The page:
Having survived trauma means that you have experienced profound lack of safety – maybe pervasively throughout childhood, maybe once or twice in extreme circumstances. Safety can be violated many ways. In childhood, it may be because of an unpredictable parent who sometimes reacted violently, an unresponsive parent who did not provide nurturing or help, or another family member who was abusive. When children cannot depend on a parent to help them or they are hurt by significant adults in their life, the world feels very insecure. They may feel out of control and alone.
Children, by definition, have very little power and control over their lives. They are at the mercy of the decisions their parents make, the atmosphere in their home, and the situations in which they are put. When things go poorly, they often blame themselves even though they did not choose the situation. So in order to heal, they need to have a safe, predictable environment and feel control in their lives. As an adult, you will need to have a safe environment in therapy and make decisions to help your living situation/environment feel safe, also.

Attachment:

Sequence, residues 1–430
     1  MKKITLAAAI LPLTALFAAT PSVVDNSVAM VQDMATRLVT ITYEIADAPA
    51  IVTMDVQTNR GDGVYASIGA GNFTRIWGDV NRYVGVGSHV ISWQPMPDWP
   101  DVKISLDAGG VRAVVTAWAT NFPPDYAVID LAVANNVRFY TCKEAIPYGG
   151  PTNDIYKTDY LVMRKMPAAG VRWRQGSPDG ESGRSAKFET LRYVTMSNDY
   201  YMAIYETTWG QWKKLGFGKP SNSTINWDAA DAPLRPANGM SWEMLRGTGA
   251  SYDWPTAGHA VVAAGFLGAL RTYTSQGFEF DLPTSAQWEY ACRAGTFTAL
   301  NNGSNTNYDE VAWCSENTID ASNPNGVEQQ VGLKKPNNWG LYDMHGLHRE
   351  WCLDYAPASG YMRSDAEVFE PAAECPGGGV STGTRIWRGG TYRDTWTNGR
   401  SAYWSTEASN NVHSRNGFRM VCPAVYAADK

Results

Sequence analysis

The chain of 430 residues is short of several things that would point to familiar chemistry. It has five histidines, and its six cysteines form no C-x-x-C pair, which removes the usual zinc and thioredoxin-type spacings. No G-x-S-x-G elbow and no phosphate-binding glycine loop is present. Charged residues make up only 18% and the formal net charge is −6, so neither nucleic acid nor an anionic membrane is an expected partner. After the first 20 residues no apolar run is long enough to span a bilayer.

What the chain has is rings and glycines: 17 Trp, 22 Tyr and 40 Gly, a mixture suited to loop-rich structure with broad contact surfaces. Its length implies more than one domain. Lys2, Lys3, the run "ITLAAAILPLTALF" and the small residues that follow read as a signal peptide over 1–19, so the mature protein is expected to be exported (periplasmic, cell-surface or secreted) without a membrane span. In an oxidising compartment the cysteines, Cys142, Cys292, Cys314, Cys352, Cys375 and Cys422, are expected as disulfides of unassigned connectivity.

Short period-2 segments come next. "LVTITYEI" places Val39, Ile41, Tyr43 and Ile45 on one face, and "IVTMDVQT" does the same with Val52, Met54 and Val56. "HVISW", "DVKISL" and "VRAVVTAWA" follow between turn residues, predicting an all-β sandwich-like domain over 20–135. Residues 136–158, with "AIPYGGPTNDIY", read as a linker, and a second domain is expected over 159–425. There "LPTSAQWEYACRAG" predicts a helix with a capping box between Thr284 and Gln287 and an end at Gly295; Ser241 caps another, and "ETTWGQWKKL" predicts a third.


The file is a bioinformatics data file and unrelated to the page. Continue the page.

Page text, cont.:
To feel safe, you may need to set more limits than typical with friends and family. For example, you may need to set limits with your family to reduce interactions with people who are emotionally destructive, set limits with your spouse to feel control over your decisions, set limits with friends to have time to recover, and set limits with yourself to not take on responsibility that belongs to others. Creating a safe environment sets the foundation for healing.